So yeah, before anything else, I'd say this: The folks who are complaining about "altered facts" don't seem to be facing the reality of what is necessrary to squeeze 30 years into 90 minutes while also making an absorbing and coherent film. If you know the story of John Denver, you won't have trouble tracking what is going on in this. As for the acting, I will admit that when I saw the first couple of "performances" and saw Denver bouncing around like he was at a rave, it bothered me quite a bit. So... you make allowances.
Having said all of that, I have known the story of John Denver for a long time. I was just learning the fun that radio could be when he was at the height of his popularity, and I remember sitting in a pretend fort listening to "Country Boy." I remember him losing his record contract, his DUI, and unfortunately, his death.
But these things evolved over years. And when you watch them in slow motion, as I did in real life, it doesn't have the same impact as it does when you watch it all unfold in roughly an hour. So I will say that even though I didn't learn anything, I think that the story that I already knew impacted me for the first time while watching this movie.
It is hard not to have a tear in your eye. Not for the events of the movie so much as for the realization that this incredible performer NEEDED the validation of others so much... and seemed oblivious to the fact that those around him thirsted for his validation as well.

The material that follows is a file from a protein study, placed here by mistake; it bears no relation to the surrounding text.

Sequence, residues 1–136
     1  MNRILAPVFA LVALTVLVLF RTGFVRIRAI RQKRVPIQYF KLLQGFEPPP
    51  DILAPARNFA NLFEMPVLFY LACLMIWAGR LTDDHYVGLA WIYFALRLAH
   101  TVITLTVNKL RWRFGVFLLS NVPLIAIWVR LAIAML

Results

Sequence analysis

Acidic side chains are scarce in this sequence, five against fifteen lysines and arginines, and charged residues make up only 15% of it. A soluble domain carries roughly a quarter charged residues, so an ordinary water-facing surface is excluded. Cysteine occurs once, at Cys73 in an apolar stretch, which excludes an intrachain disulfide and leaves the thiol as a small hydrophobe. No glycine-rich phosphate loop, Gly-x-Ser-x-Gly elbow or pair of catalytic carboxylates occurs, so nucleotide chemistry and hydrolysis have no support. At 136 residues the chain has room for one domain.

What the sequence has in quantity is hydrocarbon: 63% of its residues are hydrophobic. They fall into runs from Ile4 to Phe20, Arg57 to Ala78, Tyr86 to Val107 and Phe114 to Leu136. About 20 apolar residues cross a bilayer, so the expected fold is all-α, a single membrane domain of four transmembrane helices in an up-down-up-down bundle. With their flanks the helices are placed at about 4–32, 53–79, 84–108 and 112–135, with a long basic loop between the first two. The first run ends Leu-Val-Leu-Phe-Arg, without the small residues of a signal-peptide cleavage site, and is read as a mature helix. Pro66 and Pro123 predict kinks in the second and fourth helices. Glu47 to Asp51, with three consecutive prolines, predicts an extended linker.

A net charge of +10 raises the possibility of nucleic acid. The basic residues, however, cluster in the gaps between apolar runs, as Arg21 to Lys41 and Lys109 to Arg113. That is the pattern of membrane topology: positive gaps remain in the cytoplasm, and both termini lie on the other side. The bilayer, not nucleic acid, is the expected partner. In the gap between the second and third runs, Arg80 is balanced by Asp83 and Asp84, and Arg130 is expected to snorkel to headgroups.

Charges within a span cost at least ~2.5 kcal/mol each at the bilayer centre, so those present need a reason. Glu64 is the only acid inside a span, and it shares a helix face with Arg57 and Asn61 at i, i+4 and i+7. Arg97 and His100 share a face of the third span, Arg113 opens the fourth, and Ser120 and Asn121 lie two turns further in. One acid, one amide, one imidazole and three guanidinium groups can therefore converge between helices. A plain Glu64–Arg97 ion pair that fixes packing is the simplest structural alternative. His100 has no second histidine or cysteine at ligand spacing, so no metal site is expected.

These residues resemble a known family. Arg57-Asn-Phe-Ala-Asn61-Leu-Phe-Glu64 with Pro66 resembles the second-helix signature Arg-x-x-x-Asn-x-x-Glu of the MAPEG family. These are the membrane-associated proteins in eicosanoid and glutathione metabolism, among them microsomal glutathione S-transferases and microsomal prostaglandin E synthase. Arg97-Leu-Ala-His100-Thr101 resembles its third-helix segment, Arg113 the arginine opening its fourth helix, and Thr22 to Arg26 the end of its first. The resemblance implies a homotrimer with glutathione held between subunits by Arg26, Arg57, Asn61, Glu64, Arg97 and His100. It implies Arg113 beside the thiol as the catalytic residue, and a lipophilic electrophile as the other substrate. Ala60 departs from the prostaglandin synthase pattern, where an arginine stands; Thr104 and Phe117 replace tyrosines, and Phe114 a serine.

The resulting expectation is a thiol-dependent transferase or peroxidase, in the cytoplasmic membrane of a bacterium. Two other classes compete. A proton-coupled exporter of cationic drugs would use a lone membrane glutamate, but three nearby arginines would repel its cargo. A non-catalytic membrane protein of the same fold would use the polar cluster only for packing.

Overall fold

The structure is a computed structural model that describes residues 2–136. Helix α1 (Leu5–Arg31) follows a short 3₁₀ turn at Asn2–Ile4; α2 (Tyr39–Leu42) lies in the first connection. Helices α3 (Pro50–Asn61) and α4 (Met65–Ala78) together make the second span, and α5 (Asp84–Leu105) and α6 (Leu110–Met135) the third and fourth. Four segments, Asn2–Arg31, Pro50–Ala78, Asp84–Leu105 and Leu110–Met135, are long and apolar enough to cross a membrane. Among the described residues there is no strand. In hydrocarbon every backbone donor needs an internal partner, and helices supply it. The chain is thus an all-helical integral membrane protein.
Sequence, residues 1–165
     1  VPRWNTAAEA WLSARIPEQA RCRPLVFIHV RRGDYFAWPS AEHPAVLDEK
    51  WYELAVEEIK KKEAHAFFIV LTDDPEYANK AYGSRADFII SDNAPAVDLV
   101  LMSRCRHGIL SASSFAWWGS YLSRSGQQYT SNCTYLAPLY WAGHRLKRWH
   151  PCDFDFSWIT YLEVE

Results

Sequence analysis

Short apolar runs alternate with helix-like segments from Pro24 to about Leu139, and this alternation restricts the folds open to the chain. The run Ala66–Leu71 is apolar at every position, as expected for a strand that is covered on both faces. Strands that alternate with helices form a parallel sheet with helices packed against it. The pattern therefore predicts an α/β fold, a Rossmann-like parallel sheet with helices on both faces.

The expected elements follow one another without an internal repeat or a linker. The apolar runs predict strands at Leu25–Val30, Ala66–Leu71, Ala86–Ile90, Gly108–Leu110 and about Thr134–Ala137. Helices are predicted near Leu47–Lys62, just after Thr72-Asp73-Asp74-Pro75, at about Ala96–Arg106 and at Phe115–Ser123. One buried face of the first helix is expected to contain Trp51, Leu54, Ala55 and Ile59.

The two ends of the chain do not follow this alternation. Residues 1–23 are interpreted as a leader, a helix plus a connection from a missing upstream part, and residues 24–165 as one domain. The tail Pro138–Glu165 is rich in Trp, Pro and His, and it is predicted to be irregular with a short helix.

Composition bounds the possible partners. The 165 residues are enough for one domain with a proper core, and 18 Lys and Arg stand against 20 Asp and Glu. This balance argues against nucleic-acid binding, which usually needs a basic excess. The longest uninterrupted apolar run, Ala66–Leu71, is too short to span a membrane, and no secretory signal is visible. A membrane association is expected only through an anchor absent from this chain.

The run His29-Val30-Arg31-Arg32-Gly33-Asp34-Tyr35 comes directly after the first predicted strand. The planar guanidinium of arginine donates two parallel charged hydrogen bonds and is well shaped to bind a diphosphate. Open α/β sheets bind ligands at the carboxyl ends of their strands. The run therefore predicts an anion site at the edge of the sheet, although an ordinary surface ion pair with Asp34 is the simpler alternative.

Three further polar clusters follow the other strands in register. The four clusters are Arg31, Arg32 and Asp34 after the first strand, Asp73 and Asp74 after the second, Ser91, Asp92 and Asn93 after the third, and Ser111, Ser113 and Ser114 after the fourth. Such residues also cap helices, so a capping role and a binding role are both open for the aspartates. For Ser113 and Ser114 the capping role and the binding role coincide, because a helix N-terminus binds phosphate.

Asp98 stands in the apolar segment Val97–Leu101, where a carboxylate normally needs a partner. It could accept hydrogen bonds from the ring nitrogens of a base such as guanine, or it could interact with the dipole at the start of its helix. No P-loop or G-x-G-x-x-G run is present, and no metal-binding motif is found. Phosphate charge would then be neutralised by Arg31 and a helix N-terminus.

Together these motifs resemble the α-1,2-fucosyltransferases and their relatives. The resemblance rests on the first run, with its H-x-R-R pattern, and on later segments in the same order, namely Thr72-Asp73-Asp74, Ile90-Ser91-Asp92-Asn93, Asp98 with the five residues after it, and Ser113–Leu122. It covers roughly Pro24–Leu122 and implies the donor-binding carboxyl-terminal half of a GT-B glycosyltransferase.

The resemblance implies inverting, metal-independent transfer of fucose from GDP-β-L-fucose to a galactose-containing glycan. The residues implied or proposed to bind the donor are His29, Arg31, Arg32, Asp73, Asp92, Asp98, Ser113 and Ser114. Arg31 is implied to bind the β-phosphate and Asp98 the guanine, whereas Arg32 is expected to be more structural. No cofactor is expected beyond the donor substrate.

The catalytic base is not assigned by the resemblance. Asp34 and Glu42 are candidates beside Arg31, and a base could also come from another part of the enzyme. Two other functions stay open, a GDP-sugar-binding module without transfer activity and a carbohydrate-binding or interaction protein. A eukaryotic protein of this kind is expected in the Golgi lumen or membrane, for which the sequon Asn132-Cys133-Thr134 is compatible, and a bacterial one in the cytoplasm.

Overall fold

Who among us, having dominated our profession (whatever it might be) for a decade (plus or minus) and having accumulated all of the wealth that you would need in a lifetime could not accept that you were going from a major player to a minor player, and simply use the time after that to enjoy life? By this movie's narrative, Denver spent so much time insisting that all he needed was nature and then spent his time pursuing expensive toys like planes and worldwide trips and the recognition of others? The disconnect here is not imagined. Because he is actually accused of the same in the film.
So someone told me that most highly-accomplished people are obsessive. It's the edge that is needed to "get over the hump." In a prior age that was not dominated by psychobabble, I guess we referred to this phenomenon as "genius."
Well, if that be the case, the "genius" of John Denver is undeniable and is very much on display in this film. And it is maddening.
Thank you for the music.